Meet Mr. Poo, UNICEF India’s latest public health mascot
India has more than 620 million people still defecating in the open, Mr. Poo was created to tackle the issue
Meet Mr. Poo, the lumpy brown faeces with a face and the mascot for UNICEF’s latest public health campaign in India.
Armed with what The Independent calls an “insanely catchy techno-Bollywood-style anthem,” Mr. Poo features in a video that aims to raise awareness of the health dangers associated with public defecation in India.
India has more than 620 million people still defecating in the open. Only about half the population of the country use toilets, according to a report by the Times of India.
The Poo2Loo campaign, which was initiated by campaigners in India in November and is supported by UNICEF, has said that 44 per cent of mothers in India dispose of their children’s excrement in the open. This increases the risk of microbial contamination of water.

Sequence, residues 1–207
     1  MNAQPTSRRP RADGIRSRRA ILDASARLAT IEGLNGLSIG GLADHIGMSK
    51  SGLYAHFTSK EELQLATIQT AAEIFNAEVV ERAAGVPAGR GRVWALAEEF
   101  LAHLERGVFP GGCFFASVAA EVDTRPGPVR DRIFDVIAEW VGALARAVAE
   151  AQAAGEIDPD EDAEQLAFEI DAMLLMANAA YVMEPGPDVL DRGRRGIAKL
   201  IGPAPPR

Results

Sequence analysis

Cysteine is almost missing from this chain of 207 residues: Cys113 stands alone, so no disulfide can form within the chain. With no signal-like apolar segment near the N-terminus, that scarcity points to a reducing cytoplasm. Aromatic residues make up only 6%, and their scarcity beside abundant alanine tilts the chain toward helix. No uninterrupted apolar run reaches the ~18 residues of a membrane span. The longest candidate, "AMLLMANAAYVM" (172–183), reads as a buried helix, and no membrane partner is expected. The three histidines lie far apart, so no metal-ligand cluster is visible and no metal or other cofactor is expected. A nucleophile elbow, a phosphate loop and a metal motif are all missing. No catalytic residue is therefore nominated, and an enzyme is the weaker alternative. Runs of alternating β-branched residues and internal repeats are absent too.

Mr. Poo was created to tackle the issue and made his debut earlier this year, receiving a mixed reaction from audiences.
Some commenters, posting under the video on UNICEF India’s YouTube page, have described the campaign as “degrading.”
Meanwhile, others have critizised the advert’s use of English, saying the rural demographic which this campaign targets will most likely not speak the language.
“The demographics that this campaign is targeted to; more than 80% of them won’t even understand this because it’s in English,” write YouTube user Swapnil Narendra.
However, some have supported the campaign.
“This is a very good idea to educate people about a proper sanitation,” wrote another user, Abhilash Gunasekaran.
The campaign video begins with a man sleeping in his bed as the song begins: “First thing in the morning, what do I see? A pile of sh*t staring at me.” The man is then chased down the street by faeces, before the people of the town flush them down a giant toilet.
“Urban or rural, poo is all around us, in our playgrounds and outside our offices. If we’re silent, we’re contributors,” Maria Fernandez, a UNICEF campaign coordinator in India told the Wall Street Journal last week.